I’m in the midst of analyzing the detective game The Painscreek Killings (EQ Studios, 2017) right now, and as part of my process I ended up creating a quite detailed walkthrough. Since the work was already done, I figured I’d paste it over here, throw on some spoiler tags, and share it with the world. Might as well be generous.
There are a couple of other walkthroughs for Painscreek Killings out there, including this one here and this one here. I thought there was room on the internet for another walkthrough, though—one that was compact and consistently formatted. What follows are streamlined but nonetheless thorough details on how to proceed through the game.
Here’s a breakdown of how I’ve labeled things below:
A gate is anything that obstructs your progress—usually a locked door, locked drawer, or literal locked gate.
Keys are absolutely necessary to get past a given gate in the game. These can be key items (literal physical keys, usually) that get added to your inventory, or key info (codes and puzzle hints) that often does not.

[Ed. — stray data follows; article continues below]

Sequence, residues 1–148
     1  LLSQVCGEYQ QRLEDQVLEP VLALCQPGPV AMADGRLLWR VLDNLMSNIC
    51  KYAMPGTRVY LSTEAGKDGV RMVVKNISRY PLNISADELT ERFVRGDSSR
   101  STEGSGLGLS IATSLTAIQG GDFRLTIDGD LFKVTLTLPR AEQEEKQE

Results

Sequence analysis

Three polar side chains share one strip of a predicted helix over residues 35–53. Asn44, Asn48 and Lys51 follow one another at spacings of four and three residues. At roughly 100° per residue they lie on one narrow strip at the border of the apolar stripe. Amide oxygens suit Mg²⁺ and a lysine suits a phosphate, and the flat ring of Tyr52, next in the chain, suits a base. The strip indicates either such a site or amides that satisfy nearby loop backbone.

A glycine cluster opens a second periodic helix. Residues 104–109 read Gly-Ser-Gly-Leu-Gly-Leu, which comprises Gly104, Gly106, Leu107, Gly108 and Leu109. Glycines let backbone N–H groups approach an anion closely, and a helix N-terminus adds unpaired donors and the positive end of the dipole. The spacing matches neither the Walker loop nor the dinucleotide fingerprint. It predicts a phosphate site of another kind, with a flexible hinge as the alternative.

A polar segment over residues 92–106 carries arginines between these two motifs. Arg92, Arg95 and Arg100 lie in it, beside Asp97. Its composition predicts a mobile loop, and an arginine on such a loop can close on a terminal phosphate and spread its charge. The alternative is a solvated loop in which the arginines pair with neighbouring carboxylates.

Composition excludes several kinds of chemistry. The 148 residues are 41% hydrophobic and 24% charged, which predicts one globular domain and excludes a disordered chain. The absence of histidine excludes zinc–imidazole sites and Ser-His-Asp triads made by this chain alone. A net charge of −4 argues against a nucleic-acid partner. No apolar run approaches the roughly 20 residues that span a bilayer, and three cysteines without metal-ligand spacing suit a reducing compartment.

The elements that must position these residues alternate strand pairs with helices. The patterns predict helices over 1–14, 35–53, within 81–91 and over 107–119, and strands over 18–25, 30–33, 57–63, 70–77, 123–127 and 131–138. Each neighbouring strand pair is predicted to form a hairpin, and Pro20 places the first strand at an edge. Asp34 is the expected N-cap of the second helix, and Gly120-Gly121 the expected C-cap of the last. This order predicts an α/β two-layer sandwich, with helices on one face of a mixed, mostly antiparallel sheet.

Clues point you in the direction of keys and solutions. They are not, however, mandatory. It is always possible (if unlikely) to stumble your way to the things indicated by clues just by exploring the world.
Embedded keys and clues are bits of information attached to an object that are important, but might not be immediately apparent: the date of a correspondence, a number stamped on a keepsake, a code mentioned in the pages of a diary, and the like.
Because of the nature of the game’s design (which is what I’m attempting to describe in my analysis), there is always going to be some amount of backtracking involved in it. The order I’ve listed the game’s locations in below minimizes backtracking as best as possible, without eliminating it.